Robert Gates’s Narcissistic ‘Duty’

The Inside-the-Beltway acclaim bestowed on Robert Gates is perhaps the clearest evidence of the failure of Washington’s media/political elite to recognize reality and impose accountability on incompetent or corrupt government officials, a point addressed by ex-CIA analyst Melvin A. Goodman.

By Melvin A. Goodman

Unlike the New York Times and the Washington Post, which received room service on the delivery of Duty, the controversial memoir of former Secretary of Defense Robert M. Gates, I will have to wait for Amazon to deliver my copy next week.

In the meantime, since I have known Bob Gates for nearly 50 years, working with him for more than a decade; working for him for five years; and testifying against him before the Senate Intelligence Committee in 1991, I believe that I have some warnings about the author as well as the leading lights of the mainstream media, such as David Brooks of the Times and Walter Pincus of the Post, who believe that Gates made major contributions to the national security policy of the United States. Nothing could be further from the truth.gates-duty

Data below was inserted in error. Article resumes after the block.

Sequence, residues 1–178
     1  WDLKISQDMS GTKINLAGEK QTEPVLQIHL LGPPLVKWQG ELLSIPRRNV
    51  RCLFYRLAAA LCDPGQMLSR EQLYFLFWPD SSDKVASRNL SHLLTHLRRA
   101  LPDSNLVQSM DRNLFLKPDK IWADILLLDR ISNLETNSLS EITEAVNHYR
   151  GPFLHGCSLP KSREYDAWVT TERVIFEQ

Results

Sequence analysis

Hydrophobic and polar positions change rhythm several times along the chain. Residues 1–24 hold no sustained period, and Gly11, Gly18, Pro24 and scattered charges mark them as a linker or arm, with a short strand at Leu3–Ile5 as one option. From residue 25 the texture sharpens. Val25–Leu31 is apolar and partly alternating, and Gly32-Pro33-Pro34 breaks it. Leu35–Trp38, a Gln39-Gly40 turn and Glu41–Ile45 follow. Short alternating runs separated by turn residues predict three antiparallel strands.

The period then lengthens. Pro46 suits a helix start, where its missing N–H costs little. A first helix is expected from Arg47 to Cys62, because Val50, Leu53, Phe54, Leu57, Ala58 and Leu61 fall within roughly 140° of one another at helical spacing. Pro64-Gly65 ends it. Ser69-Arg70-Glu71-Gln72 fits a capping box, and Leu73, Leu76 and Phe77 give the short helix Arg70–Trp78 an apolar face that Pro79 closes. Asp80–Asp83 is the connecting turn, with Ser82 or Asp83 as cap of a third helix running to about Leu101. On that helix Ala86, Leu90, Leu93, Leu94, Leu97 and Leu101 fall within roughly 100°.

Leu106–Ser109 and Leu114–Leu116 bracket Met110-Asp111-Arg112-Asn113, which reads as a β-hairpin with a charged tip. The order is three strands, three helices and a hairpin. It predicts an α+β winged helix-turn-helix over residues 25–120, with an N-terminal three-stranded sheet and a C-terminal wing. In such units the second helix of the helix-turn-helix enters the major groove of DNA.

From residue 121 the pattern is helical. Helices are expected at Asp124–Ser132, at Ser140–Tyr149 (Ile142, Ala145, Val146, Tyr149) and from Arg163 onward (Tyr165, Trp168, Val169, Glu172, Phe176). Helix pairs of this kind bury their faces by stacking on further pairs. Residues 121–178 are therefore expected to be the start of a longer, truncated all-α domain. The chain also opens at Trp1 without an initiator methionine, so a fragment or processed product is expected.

There are several things that need to be understood regarding Gates’s career at the Central Intelligence Agency, the National Security Council, and the Department of Defense. First of all, Gates has been a sycophant in all of his leadership positions, catering to the policy interests of Zbigniew Brzezinski and Brent Scowcroft at the NSC; William Casey at the CIA; and the Joint Chiefs of Staff at the Pentagon.

Gates catered to the right-wing ideology of Bill Casey in the 1980s, playing a major role in the politicization of intelligence and dangerous crossing the line of policy advocacy in private memoranda to the CIA director. For the most part, Gates has been a windsock when it came to policy decisions and typically supported his masters.

Second, Gates has never demonstrated the integrity that his important positions have demanded. As a result, when he was nominated by President Ronald Reagan in 1987 to be CIA director, Senate Intelligence Committee Chairman David Boren, D-Oklahoma, told him that the committee did not believe his denials of knowledge of Iran-Contra.

Before Gates removed his name from the nomination process, there was considerable laughter in the hearing room when Gates referred to Casey as a model CIA director and stated that he would have resigned from the CIA if had known about the “off-the-shelf” capability to run the Iran-Contra operation out of the NSC.